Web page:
Although the youngest county in South Carolina, having been formed from parts of Barnwell and Hampton Counties in 1919, Allendale County is proud of a rich culture, filled with history and Southern tradition.
Beautiful historic homes, churches and cemeteries are plentiful in this side of the region. Take in the beauty of the Spanish moss gracing the enormous live oak trees as you ride miles of equestrian trails with your horse. Notice, too, the low-lying cypress swamp areas where alligators, turtles and other species choose to dwell.
Allendale County has a strong tradition in agriculture, producing cotton, grain, watermelon, peaches, peanuts, corn, okra and other crops. Stop at roadside stands to enjoy some of this fresh produce.
Take your trip through Allendale County slowly to enjoy the easy pace of the South. Here it is much like it was in yesteryear.
Western border of Allendale County. Originally named the Westobou River for the Westo Indians (a warlike tribe who lived in a village on the Westobou), the river was later renamed for the Savannah Indians.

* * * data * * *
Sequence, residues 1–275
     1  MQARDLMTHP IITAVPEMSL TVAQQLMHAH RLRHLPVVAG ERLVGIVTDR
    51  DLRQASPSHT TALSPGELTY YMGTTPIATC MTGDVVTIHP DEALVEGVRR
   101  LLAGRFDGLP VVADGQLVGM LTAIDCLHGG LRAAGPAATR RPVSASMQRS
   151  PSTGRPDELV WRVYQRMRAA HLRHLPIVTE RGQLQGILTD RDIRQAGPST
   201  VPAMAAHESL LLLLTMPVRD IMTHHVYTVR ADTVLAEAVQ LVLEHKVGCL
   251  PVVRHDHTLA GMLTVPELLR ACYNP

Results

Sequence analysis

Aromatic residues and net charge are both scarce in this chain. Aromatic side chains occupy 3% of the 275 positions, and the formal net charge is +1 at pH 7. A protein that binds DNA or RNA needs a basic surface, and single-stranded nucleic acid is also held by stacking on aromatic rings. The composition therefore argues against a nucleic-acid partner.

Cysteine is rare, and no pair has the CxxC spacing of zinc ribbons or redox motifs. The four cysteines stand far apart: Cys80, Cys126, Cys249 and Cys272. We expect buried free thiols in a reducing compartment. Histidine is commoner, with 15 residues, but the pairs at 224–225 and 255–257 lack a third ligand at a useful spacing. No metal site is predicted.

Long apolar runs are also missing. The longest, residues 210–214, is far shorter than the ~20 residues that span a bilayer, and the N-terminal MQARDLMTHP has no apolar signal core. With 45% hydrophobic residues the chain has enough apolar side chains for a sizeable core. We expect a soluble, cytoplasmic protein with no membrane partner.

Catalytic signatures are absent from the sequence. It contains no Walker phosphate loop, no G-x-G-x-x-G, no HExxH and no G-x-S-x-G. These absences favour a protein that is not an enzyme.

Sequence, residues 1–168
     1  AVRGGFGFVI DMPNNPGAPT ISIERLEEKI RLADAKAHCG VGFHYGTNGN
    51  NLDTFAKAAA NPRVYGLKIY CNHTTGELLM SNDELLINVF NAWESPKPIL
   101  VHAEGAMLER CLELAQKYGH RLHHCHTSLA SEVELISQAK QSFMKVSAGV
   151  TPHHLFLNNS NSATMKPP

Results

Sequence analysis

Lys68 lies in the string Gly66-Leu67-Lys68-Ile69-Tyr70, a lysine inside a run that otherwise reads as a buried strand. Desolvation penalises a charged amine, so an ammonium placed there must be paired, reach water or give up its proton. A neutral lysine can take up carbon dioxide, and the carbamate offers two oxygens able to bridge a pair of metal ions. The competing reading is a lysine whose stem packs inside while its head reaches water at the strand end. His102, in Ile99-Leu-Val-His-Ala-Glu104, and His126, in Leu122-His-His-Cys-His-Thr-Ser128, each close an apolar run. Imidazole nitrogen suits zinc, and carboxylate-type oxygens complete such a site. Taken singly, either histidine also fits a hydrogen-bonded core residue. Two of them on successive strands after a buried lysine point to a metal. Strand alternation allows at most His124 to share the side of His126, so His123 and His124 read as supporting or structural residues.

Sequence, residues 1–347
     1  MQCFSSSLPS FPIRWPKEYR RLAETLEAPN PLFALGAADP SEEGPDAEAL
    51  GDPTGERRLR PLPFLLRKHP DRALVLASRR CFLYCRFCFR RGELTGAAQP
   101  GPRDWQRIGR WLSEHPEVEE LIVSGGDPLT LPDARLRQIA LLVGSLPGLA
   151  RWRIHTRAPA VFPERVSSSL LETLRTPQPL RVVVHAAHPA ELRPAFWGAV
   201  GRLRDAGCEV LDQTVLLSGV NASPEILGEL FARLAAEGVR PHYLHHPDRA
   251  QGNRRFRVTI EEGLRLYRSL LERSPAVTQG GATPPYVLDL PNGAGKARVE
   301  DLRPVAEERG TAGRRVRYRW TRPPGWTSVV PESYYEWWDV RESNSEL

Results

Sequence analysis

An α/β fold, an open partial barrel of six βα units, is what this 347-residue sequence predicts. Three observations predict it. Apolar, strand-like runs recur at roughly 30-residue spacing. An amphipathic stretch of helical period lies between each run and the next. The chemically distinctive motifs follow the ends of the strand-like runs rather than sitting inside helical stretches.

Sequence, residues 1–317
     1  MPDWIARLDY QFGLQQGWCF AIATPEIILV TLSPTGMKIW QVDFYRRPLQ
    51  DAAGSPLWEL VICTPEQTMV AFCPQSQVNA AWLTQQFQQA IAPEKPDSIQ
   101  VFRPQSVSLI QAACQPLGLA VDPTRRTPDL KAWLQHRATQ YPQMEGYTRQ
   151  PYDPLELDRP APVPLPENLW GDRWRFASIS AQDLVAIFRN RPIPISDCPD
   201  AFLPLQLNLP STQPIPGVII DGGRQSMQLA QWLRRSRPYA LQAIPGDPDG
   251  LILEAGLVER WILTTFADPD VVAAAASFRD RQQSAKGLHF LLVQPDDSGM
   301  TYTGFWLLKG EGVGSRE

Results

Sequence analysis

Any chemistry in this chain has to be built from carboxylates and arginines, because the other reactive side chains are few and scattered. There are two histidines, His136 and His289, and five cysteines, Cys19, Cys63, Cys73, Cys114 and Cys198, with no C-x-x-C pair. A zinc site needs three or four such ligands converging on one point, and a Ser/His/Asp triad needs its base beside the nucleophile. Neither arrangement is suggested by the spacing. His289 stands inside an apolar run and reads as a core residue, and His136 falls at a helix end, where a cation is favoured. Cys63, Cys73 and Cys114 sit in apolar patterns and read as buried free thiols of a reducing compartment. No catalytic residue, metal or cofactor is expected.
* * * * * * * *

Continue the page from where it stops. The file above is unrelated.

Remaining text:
Topper Site - National Historical Register
South Carolina Institute of Archaeology & Anthropology's seasonal dig, usually held in May. Open to any adult 18 years or older who wishes to learn more about field archaeology and particularly the earliest Indians who lived along the Savannah River. Participation is by registration for one or more weeks. Volunteers learn excavation techniques and artifact identification. Fee includes camping with hot showers, lunch and evening meals, lectures and programs as well as many other benefits. Free tours on Saturday mornings during the season. For cost and more information contact: Dr. Al Goodyear at the SC Institute of Archaeology and Anthropology, University of South Carolina, 1321 Pendleton St, Columbia, SC 29208, (803) 777-8170.